H.M.S BRAVE BORDERER by RHBaker Fleet Admiral!   Posted: 28 days ago
Whilst waiting for the ice to melt, decided to make up the deck and transom flaps. The deck was made from styrene sheet, again for lightness. Made the deck beams out of square styrene sections to avoid traditional, heavy, full width bulkheads. Hoped the stiff MTBH hull would resist twisting without bulkheads. First impressions are that this is the case and when the deck is finally bonded to the hull, should be even better.. The transom flap was made from thin aluminium plate and added simulated stiffener ribs in styrene. Understand that about a 2 degree flap down inclination works best on this model. My original plan was to operate the flap using a servo with another radio channel, however once the best plane is achieved it is unlikely the flaps will need further adjustment. Unlike the real vessel, the operating weight will remain fairly constant. So, abandoned the servo idea to use adjustable bottle-screws instead. The flap angle can still be adjusted, but not in motion. These screws are much simpler, lighter and cheaper than a servo. One challenge was to make the very small hinges required for an adjustable flap. After much thinking and investigation, decided the simplest and neatest way would be to use thin, self adhesive aluminium tape, as used on forced air heating ducts. Would stick the self adhesive surface to the underside of the flap and then onto the inside face of another thin aluminium sheet, which could then be fitted to the transom using double sided tape and small screws. This seems to work so far, it also avoids drilling through holes into the transom .

Which Paint? by andyhynes Sub-Lieutenant   Posted: 30 days ago
A couple of years ago i scratch built a 1/24 scale Vosper Long boat MTB 510. I spray painted the hull and super structure with Halfords white and gray primer. The Hull was given coat of Matt clear laquer Spray (Plasticote). The deck and super structure were also coated in a matt laquer spray. This product was Rustoleum Crystal Clear Matt Laquer. I have used this product before on acrylic base paints, and had no problems. Do not use on oil based paints as it will crinkle the surface. The Plasticote product i used on the Hull was fine at the time but a couple of years on the surface has become crazed. so i will have to repaint the complete hull sometime in the future. Can any one out there recommend a paint combination or product that is satisfactory, and will not craze like an old masters oil painting from the 1500s.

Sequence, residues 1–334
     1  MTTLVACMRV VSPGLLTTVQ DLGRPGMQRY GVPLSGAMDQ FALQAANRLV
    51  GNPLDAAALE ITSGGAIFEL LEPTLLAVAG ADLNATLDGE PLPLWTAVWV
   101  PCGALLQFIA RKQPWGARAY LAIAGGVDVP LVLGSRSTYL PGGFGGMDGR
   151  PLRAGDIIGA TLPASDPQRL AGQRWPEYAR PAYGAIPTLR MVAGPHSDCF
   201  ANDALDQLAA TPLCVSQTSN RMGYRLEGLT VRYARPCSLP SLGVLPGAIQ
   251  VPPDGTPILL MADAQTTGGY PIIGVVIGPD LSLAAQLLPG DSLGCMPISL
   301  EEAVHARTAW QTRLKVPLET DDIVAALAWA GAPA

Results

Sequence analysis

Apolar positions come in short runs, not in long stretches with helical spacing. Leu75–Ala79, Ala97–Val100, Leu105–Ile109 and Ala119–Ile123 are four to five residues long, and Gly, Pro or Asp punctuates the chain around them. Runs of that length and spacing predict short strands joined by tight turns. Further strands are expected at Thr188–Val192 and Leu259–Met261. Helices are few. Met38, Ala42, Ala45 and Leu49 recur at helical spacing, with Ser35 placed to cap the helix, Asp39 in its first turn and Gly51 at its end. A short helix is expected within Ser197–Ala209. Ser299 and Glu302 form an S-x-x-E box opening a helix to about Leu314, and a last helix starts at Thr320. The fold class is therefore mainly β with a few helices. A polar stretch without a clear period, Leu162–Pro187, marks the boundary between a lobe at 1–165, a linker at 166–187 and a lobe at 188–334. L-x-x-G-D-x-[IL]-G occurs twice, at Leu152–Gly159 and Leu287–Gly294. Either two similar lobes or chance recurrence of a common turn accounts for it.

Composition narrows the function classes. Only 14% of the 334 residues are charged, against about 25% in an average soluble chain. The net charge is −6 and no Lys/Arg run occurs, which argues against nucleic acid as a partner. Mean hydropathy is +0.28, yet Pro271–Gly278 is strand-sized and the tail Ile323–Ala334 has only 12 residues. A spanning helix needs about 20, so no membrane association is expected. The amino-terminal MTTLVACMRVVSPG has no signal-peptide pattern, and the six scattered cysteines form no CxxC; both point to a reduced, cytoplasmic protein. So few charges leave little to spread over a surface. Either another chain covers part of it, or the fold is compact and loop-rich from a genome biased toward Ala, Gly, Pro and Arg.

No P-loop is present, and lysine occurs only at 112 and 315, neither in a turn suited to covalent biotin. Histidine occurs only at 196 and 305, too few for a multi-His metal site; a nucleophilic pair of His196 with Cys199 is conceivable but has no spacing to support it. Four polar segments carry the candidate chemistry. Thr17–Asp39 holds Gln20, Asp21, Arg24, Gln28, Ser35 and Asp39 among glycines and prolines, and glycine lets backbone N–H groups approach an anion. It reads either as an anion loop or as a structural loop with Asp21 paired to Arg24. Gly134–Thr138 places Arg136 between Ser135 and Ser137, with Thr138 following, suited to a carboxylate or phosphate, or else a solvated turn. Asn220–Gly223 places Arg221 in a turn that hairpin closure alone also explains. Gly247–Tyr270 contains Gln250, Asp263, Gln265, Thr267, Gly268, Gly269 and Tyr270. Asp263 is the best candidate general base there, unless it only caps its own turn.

H.M.S. BRAVE BORDERER by RHBaker Fleet Admiral!   Posted: 1 month ago
Thanks all for the responses. Donnieboy - have thought out the plumbing, which is simplified by using a cooling pump. See future episodes! Doug - appreciate the concern regarding the red ESC wires. Have been trying to understand the rationale behind that theory. If all ESCs share a common input voltage, i.e. from one battery, what would the connection of multiple red wires do? Can understand if there were several unique power sources, but that is not the case here. Perhaps with your electronics background you can explain. Colmar - Used the angle on the scale drawing. If it were good enough for Vosper, should be good enough for me! Think it close to 7 degrees anyway. Think short shafts with oilers should help. Have heard of bushings running dry and seizing with these high speed motors. The initial props are scale versions of the originals. Rather suspect they will not prove to be ideal. Have purchased some 2 blade racing style props for a future test. They have a much coarser pitch and are designed for high speed motors. Intend to use plastic props initially as they are cheap enough to experiment with. Perhaps others have a comments on the cavitation question?. Incidentally, this is my first high speed boat too, but there is much of information on both this web site and Model Boat Mayhem for guidance. Posting questions always generates useful information. Look widely though at all types of fast models, MTBs, RAF launches, E Boats etc. - it has all been done before!